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Why Buying the Latest Phone is Not a Great Idea

By August 2, 2019phones

There are many different smartphones currently available, and tech companies are always launching new, updated versions of them. When the latest upgrade offer hits your inbox, it’s important to think carefully of what services and performance you need from your phone. Then consider what you want.

Smartphone manufacturers incentivise consumers to desire their very latest technological offering, but here are a few reasons why buying the newest phone is not a great idea.

Technological Evolution

There is a definite perception coming into the public arena that the pace of technological evolution is slowing down. This has something to do with Moore’s Law. Smartphones and other applications will soon reach the limit of their performance of speed and reduced latency.

This means that a few new features on the latest phone model are not enough to warrant buying the newest phone when it’s not so different from your current model. A new phone is sold as slimmer and faster, but these features are not significant enough to warrant a large financial outlay. If what is motivating you to think about an update is the desire to have the latest colour, remember that it won’t be seen under the protective cover.


Broken Parts

There is irony for someone who wants to buy a new phone because the screen on their current model is cracked. If you dropped the old phone, the chances of you dropping the new one are just as high. It will work out cheaper to pay to replace the screen.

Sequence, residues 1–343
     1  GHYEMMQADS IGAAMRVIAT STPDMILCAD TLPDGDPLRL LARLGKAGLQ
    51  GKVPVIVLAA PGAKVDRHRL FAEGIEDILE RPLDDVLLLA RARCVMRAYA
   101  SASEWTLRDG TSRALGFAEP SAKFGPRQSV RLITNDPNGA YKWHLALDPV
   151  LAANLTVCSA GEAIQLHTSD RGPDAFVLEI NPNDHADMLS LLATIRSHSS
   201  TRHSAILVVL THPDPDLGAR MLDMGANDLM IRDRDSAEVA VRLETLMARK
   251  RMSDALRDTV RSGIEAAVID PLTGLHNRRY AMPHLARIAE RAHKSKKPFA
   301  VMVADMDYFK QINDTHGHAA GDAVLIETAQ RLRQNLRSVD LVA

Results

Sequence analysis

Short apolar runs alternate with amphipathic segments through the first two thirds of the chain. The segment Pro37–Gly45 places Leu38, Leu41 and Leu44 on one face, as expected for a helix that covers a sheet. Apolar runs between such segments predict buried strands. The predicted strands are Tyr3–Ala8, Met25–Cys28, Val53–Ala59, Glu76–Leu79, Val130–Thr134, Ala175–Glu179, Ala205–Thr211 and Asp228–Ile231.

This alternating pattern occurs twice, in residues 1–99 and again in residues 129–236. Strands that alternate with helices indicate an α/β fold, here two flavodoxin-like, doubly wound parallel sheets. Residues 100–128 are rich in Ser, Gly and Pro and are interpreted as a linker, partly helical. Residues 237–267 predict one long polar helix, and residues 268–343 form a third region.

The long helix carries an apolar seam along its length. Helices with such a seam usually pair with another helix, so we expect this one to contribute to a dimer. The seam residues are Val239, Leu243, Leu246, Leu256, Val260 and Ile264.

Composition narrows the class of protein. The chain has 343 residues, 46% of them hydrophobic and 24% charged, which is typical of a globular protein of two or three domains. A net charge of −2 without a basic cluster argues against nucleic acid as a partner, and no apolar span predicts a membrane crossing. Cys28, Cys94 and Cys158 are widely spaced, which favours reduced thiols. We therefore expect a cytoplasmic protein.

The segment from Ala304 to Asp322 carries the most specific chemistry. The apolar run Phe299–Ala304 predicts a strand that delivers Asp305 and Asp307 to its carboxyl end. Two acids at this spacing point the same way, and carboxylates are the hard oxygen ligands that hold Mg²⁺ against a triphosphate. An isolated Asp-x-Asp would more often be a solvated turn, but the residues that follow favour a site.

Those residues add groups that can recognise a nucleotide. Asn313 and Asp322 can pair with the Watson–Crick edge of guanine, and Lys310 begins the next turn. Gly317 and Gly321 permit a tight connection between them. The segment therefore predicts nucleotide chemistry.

If dropping your phone into water or dropping it onto rocks is a definite probability then you should consider getting insurance. This will reassure you that whatever disaster happens to your device you will not have to pay for it.


Besides being billed as sleeker, faster, and sexier new phone launches frequently announce that the cameras and battery life are enhanced. Giving a little thought to how you use your current phone is often helpful to gauge if you need to upgrade.

If the battery life on your current model phone has been perfectly fine for you up to now, there should be no reason to upgrade to one with a longer performing battery. If you’re happy with the pics that your phone takes, and you’re not an amateur photographer, then there is no need to consider buying the latest phone that has more pixels.

Staying Slightly Behind the Curve

New phone models usually drop at the end of the third quarter, just ahead of the end-of-year upswing in spending. This is the time when “older” model phones drop in price in expectation of lessening demand. By buying an earlier phone model when its price goes down, you can still get an updated phone, but at a lower price bracket (and probably still able to use Afterpay the purchase the phone).

Because technology is perceived to be flattening out, upgraded phones are no longer seen as the vast leaps in innovation as they once were. At most, the latest phone will have a few tweaks done to the hardware or software, but they are not monumental enough to propel the need to have one.

It is reassuring to know when you decide to become one of the people who refuses to buy the latest phone that you are in an expanding sector. Many consumers are determining that if they use their phone for social media, texting, and voice calls, there is not enough impetus to get the latest model. The new smartphone market’s best years have passed. An annual upgrade is not necessary unless it is part of the deal with your current provider.

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